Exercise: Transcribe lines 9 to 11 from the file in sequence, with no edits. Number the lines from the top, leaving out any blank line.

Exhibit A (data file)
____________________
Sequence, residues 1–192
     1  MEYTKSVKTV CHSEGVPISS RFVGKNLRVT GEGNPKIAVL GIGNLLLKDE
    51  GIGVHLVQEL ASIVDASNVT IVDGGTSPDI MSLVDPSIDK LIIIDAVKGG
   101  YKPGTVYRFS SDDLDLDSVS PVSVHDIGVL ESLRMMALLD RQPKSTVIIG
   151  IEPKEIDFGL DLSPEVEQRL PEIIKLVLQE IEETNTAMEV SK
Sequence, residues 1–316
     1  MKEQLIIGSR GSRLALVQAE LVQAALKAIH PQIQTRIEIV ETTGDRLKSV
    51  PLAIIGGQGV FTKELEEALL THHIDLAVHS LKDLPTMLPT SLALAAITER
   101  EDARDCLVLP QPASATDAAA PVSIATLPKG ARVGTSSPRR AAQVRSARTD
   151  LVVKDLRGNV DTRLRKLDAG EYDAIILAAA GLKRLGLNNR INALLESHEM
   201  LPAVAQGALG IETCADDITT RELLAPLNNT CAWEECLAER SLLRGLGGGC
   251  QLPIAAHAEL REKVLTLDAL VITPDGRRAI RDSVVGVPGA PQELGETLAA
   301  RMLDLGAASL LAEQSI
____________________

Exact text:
   101  EDARDCLVLP QPASATDAAA PVSIATLPKG ARVGTSSPRR AAQVRSARTD
   151  LVVKDLRGNV DTRLRKLDAG EYDAIILAAA GLKRLGLNNR INALLESHEM
   201  LPAVAQGALG IETCADDITT RELLAPLNNT CAWEECLAER SLLRGLGGGC